“In 12 months, when we catch dolphins for three months, that’s our budget and it brings highland and coastal people peace and harmony and unity and it always brings people together.” 

“In 12 months, when we catch dolphins for three months, that’s our budget and it brings highland and coastal people peace and harmony and unity and it always brings people together.” 

Dolphins are not just an important source of protein for the traditional villagers. They provide valuable teeth and with them prestige, and giving up the kill is a controversial decision. 

“We are the powerful tribe of dolphin from Malaita and the most powerful tribe of catching dolphin is the Bita’ama tribe,” said Emmanuel Tigi.

Tigi Emmanuel with agreement to end dolphin kills. (Stefan Armbruster, SBS)

“It’s a big decision. When I go to my father and brothers, they say, ‘It’s a sacrifice Tigi, it’s our inheritance. When we stop dolphin [killing] it’s a problem, we will have no revenue earning each year’.”

Dolphin hunts are sporadic but when they occur the turquoise waters of the Pacific turn a deathly colour.

Coastal dolphins are rounded up using a fleet of canoes, driven into a bay and then killed on the beach.

“In our custom and culture we hunt dolphin in the ocean for just three months. That’s sustainable management and the sea in the whole world is much wider,” said Tigi Emmanuel.

The International Union for the Conservation of Nature says spinner and spotted dolphins are not vulnerable or endangered.

A recent report for the Royal Society on the Solomons hunt found there is almost no data on the killing of about 1,000 dolphins a year but recommended research should be conducted to determine the impact on local populations.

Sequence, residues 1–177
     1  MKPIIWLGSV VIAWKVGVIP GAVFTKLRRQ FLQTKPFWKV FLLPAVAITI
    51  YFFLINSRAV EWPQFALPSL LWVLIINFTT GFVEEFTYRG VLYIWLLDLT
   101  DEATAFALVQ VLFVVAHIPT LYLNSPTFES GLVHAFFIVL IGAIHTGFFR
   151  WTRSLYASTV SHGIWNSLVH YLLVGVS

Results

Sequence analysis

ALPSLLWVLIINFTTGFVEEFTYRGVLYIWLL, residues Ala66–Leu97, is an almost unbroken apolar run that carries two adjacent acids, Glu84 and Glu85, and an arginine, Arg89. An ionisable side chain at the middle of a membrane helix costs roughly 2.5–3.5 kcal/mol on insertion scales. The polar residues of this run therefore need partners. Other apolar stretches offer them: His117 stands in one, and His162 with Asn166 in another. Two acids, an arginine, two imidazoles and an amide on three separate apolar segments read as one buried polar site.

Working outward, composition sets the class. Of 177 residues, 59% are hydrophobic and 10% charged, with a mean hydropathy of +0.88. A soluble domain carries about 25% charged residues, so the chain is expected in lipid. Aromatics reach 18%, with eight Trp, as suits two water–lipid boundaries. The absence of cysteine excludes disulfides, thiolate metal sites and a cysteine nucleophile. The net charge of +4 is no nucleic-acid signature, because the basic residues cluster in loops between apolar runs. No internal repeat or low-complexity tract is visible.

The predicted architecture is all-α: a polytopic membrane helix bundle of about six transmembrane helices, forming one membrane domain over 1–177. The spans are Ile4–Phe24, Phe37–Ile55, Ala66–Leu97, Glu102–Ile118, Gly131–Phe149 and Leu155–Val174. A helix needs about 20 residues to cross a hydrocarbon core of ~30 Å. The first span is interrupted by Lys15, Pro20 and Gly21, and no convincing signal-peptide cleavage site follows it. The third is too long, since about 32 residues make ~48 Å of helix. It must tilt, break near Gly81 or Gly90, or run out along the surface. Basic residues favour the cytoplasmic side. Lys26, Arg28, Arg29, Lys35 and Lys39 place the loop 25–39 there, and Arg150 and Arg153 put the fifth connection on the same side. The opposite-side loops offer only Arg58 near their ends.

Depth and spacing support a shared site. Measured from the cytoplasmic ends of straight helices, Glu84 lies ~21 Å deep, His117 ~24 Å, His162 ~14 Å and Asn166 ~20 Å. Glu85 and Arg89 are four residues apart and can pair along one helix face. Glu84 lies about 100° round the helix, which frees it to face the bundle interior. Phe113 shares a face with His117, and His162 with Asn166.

What is known is the future existence of these species is not threatened by traditional hunting. 

Environmental groups have for years condemned the Solomons' dolphin kills but have focused their campaigns on Japan and Faroe islands.

The Solomons banned live dolphin exports for aquariums two years ago, after international pressure.

Hopes are the dolphin hunt will be able to continue, but not end as a beach-front abattoir and instead see tourists swim with the animals.

“In other parts of the world, they train dolphins for tourists to see,” said Bartholomew Parapolo.

“This one is different. They go out and catch the wild dolphins, come into the harbour, and you can enjoy the dolphin - the wild dolphin not the trained and this is amazing.”

The government is offering communities cash incentives to stop killing, but that has failed before.

Ethel Sigimanu’s Fanalei community saw family set against family when they agreed to a similar deal with United States-based environmental group Earth Island Institute about four years ago. 

“It’s a resource and it has a special place in the community, and people who don’t have teeth are made fun of. ‘How come you are from Fanalei and you don’t have teeth, that’s unthinkable’,” said Ethel Sigimanu.

Disputes over the distribution of the compensation money to stop the dolphin kills saw the deal fall apart.

The tourism minister has visited the Bita’ama community and promised Emmanuel Tigi financial help to set up an industry there.

“If the government of the day does not prove his words, we are going to go hunting again.”

“I question the people, ‘How long we wait?’, and they say, ‘If the government gives the money according to its promise and build our accommodations, eco-tourism or swim with the wild, then we will agree’,” said Emmanuel Tigi.

“If the government of the day does not prove his words, we are going to go hunting again.”

(Stefan Armbruster, SBS)